Mentions: We then examined the FPRL1 and MARCO expression in primary rat astrocytes and microglia cells after treatment with NM and SP bacterial supernatants for 24 h using fluorescence microscopy. For FPRL1, both primary cells showed a clearly protein expression, but NM as well as SP could not induce an increased receptor expression (Figure 2A). For MARCO, we could detect an increase of protein expression in astrocytes after NM treatment, whereas SP induced no change of receptor expression in astrocytes as well as microglia (Figure 2B).

Bottom Line: Furthermore, we demonstrated a functional interaction between FPRL1 and MARCO in NM-induced signalling by real-time RT-PCR, ERK1/2 phosphorylation and cAMP level measurement and show differences between NM- or SP-induced signal transduction.We propose that NM and SP induce glial cell activation and rCRAMP expression also via FPRL1 and MARCO.Thus the receptors contribute an important part to the host defence against infection.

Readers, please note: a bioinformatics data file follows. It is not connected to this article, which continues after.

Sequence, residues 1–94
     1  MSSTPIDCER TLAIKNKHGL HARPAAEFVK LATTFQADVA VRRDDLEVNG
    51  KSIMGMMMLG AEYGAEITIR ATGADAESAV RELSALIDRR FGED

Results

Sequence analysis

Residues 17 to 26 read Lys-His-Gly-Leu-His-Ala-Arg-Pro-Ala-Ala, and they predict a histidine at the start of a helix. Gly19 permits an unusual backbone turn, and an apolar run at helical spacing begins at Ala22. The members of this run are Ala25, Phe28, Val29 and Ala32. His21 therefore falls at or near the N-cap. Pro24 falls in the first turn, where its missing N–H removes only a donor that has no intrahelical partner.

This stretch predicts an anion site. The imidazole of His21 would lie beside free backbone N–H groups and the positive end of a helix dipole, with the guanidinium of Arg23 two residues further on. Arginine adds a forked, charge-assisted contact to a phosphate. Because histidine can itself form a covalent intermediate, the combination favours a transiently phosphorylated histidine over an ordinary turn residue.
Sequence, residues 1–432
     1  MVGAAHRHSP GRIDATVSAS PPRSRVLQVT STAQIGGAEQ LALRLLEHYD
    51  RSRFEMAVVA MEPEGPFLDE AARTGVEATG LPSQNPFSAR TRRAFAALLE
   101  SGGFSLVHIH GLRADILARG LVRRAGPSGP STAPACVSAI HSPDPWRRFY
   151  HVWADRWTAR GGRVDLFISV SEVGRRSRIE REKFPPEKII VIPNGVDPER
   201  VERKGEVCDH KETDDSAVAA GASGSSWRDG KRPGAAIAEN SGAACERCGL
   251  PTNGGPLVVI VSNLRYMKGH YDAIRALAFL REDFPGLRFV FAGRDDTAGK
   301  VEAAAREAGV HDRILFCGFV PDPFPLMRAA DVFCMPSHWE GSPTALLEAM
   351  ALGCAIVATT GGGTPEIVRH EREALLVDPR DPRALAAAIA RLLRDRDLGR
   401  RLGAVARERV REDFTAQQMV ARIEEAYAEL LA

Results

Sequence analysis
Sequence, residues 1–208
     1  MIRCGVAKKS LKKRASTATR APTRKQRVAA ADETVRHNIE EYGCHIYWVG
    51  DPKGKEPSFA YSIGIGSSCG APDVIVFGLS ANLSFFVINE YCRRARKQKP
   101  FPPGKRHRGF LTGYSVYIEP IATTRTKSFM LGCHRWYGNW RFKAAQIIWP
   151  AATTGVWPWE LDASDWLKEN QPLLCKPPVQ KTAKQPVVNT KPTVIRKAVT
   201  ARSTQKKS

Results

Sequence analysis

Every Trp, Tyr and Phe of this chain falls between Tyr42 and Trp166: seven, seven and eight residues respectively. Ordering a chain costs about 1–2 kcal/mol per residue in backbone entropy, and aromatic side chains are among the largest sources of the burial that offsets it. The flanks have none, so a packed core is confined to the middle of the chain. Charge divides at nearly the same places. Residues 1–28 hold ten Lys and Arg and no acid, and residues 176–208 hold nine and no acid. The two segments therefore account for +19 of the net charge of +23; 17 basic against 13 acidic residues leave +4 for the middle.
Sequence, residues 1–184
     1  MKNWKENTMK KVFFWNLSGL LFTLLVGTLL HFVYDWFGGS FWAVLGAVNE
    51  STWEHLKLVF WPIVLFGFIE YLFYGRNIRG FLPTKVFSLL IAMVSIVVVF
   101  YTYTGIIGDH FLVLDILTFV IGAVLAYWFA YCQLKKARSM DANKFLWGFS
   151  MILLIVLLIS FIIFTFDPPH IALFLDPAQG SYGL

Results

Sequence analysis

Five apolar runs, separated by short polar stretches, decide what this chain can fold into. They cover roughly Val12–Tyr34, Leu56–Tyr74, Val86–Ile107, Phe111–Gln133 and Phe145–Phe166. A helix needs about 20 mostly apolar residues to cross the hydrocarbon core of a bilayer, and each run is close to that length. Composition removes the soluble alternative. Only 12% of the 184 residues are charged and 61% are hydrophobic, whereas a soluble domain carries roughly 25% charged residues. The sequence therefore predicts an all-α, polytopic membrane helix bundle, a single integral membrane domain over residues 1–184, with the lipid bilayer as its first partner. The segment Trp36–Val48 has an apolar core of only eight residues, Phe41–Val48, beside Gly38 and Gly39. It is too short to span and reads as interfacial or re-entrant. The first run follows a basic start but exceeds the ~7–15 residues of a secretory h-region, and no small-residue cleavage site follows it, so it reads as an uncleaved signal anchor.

View Article: PubMed Central - HTML - PubMed

Affiliation: Department of Anatomy and Cell Biology, RWTH Aachen University, Germany.

ABSTRACT

Background: Recent studies have suggested that the scavenger receptor MARCO (macrophage receptor with collagenous structure) mediates activation of the immune response in bacterial infection of the central nervous system (CNS). The chemotactic G-protein-coupled receptor (GPCR) formyl-peptide-receptor like-1 (FPRL1) plays an essential role in the inflammatory responses of host defence mechanisms and neurodegenerative disorders such as Alzheimer's disease (AD). Expression of the antimicrobial peptide cathelicidin CRAMP/LL-37 is up-regulated in bacterial meningitis, but the mechanisms underlying CRAMP expression are far from clear.